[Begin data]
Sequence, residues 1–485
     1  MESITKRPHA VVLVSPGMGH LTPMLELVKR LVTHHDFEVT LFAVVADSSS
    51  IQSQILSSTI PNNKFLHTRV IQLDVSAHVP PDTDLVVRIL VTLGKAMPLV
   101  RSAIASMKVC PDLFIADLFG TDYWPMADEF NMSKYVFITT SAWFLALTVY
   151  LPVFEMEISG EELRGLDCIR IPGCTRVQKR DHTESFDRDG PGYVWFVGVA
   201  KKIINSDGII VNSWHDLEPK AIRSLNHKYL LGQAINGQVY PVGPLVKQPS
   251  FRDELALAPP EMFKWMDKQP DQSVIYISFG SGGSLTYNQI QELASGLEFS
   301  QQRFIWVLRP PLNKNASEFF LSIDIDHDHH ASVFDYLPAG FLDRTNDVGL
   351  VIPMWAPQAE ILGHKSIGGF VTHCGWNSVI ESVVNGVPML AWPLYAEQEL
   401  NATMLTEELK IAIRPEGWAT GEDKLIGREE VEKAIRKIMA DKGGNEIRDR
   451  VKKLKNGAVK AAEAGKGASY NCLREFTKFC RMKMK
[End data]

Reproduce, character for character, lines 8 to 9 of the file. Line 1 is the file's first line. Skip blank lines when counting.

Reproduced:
   301  QQRFIWVLRP PLNKNASEFF LSIDIDHDHH ASVFDYLPAG FLDRTNDVGL
   351  VIPMWAPQAE ILGHKSIGGF VTHCGWNSVI ESVVNGVPML AWPLYAEQEL